Do you have to serve two jail sentences? For example, you go to jail the first time and use your "Get out of jail free" card, and then go right back to jail for another sentence without rolling the dice.

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    Highly related/duplicate: boardgames.stackexchange.com/q/38845
    – Jan
    Commented Mar 28, 2019 at 13:48
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    Although this question has already been answered correctly, if you want to have some fun with this I suggest that it is in the scope of the rules to pretend like you didn't remember this is your third roll of doubles, start moving, then land on "go to jail" and exclaim, "OH NO! I LANDED ON GO TO JAIL!" as you move your token to the jail. This would work especially well if some of the other players catch you on it being your third roll of doubles and are trying to explain it to you while you ignore them and move your token anyway.
    – Michael
    Commented Mar 28, 2019 at 17:04
  • @Jan I agree that these are about the same thing, but neither is a good duplicate candidate for the other. I've tried to create a canonical question to merge the two: boardgames.stackexchange.com/q/45706/9999
    – Zags
    Commented Mar 29, 2019 at 22:08

2 Answers 2


You go to jail directly on rolling the third double, so there’s no opportunity to land on “go to jail”.

From the Official Monopoly Rules (Hasbro)

If you throw doubles, you move your token as usual, the sum of the two dice, and are subject to any privileges or penalties pertaining to the space on which you land. Retaining the dice, throw again and move your token as before. If you throw doubles three times in succession, move your token immediately to the space marked "In Jail" (see JAIL).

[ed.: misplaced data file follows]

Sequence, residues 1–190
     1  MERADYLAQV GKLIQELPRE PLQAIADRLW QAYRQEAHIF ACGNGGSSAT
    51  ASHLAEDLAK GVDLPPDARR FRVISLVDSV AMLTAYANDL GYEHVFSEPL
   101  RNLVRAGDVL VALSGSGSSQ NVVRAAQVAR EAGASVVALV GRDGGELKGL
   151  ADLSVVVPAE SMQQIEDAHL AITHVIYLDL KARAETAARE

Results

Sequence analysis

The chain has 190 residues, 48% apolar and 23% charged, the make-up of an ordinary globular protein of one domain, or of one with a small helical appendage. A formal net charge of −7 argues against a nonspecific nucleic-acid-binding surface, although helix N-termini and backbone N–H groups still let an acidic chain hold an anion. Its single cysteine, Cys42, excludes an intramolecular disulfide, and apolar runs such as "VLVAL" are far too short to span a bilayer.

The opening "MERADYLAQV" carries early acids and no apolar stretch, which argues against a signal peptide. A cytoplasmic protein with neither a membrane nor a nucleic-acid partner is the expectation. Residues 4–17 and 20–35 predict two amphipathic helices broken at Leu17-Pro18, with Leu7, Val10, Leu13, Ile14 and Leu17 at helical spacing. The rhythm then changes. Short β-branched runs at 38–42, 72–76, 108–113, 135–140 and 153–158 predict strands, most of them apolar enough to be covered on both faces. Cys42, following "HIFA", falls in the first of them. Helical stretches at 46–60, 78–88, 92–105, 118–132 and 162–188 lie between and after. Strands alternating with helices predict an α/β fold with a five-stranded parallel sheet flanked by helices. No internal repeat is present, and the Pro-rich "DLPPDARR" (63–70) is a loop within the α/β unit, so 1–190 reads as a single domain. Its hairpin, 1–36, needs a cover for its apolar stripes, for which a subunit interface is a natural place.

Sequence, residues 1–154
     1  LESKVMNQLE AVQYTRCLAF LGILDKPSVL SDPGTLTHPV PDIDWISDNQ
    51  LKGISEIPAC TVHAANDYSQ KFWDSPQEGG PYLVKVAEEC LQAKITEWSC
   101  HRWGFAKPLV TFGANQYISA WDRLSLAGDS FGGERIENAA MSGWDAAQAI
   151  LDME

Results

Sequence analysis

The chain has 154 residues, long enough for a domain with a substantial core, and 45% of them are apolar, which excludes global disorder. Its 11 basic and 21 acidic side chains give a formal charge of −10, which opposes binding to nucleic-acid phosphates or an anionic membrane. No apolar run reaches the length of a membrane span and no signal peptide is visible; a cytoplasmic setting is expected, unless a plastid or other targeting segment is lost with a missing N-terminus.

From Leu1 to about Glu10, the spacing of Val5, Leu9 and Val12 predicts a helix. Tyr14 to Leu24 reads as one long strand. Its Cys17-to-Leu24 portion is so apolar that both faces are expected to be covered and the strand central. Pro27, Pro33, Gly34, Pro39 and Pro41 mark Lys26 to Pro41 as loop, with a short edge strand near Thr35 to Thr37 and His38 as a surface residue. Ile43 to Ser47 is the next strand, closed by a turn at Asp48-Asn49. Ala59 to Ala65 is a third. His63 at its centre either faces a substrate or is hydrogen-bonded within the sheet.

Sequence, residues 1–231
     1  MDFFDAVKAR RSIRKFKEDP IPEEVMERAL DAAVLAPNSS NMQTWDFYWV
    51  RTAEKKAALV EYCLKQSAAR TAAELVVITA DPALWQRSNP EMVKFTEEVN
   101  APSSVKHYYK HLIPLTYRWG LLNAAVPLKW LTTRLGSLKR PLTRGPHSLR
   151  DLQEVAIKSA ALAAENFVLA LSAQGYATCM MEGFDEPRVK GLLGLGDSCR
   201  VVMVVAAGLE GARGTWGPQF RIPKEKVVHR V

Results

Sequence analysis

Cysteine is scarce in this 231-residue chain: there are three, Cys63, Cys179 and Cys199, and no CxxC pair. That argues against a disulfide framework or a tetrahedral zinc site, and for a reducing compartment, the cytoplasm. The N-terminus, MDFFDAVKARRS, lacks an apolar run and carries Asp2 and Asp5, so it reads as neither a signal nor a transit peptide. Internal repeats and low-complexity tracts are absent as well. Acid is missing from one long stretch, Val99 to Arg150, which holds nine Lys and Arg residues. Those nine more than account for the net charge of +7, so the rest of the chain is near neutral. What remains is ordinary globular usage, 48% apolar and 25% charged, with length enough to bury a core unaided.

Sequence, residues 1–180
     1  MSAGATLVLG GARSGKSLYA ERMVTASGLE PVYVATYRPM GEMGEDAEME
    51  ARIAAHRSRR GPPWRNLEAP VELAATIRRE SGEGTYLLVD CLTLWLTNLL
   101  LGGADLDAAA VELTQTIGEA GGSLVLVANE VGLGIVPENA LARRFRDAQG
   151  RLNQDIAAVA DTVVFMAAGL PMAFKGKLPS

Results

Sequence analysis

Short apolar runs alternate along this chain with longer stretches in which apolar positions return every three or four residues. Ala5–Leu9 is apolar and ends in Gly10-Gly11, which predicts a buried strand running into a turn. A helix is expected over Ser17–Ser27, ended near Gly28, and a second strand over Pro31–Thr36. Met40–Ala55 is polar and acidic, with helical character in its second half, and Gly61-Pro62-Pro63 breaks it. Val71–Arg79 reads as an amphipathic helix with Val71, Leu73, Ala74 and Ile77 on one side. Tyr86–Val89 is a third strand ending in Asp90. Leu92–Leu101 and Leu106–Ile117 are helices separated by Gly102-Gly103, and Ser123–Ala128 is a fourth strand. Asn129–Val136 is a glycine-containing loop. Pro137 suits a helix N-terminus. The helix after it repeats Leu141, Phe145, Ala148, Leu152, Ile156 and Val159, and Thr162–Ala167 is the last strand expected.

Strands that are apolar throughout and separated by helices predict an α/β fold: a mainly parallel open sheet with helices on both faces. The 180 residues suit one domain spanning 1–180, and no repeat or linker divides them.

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    @Iktys "and it sort of follows that rent cannot be collected" No it doesn't. That's one of the most often debunked myths. Commented Mar 27, 2019 at 23:37
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    @Joseph, I believe what Iktys meant is that if your third doubles would cause you to land on someone else’s property, the other player doesn’t get to collect that rent before you go to jail.
    – prl
    Commented Mar 28, 2019 at 4:13
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    I mean, at the space you would have landed on with the third doubles, you don't pay rent.
    – Heyzeuss
    Commented Mar 28, 2019 at 6:19
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    There's no such thing as "the space you would have landed on with the third doubles." When you roll the third set of doubles, you go immediately to jail. There's no point in counting spaces to see where you "would have landed."
    – Kyralessa
    Commented Apr 5, 2019 at 20:43
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    This same misconception is in the original question. The original question implies that after rolling doubles three times, you could land on the Go to Jail space. This isn't true. Upon the third roll, you go directly to Jail. You don't "land" anywhere except Jail. There's no point in counting off the spaces for your third roll. It doesn't matter how many spaces it is to the Jail; that's the only place you're going.
    – Kyralessa
    Commented Jan 21, 2020 at 13:10

You're thinking about this too much in terms of real-life prison sentences, and too little as game mechanics. "Jail" is simply a location on the board, associated with a few specific rules, but none of those rules suggest that there would be "Jail Time" stacking up. Instead, you are either in Jail, or not.

Furthermore, upon rolling doubles a third time, you are directly placed in Jail without executing your movement anyway:

When doubles are rolled, the player resolves the roll as normal (including purchase, renting or passing "GO"), but rolls the dice again for another turn (you have to keep going). The player moves forward as directed by the dice, and if this is also doubles, rolls again. If the third dice roll is doubles, the player cannot buy property, and is instead moved directly to jail. [source]

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    " "Jail" is simply a location on the board, associated with a few specific rules," Ooooooh... suddenly a lot of things regarding life and politics are more clear to me.
    – Michael
    Commented Mar 28, 2019 at 17:06
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    Where is your quotation from? Commented Mar 29, 2019 at 16:22
  • @EleventhDoctor I hadn't realized I forgot the source link - added! Commented Mar 29, 2019 at 20:41

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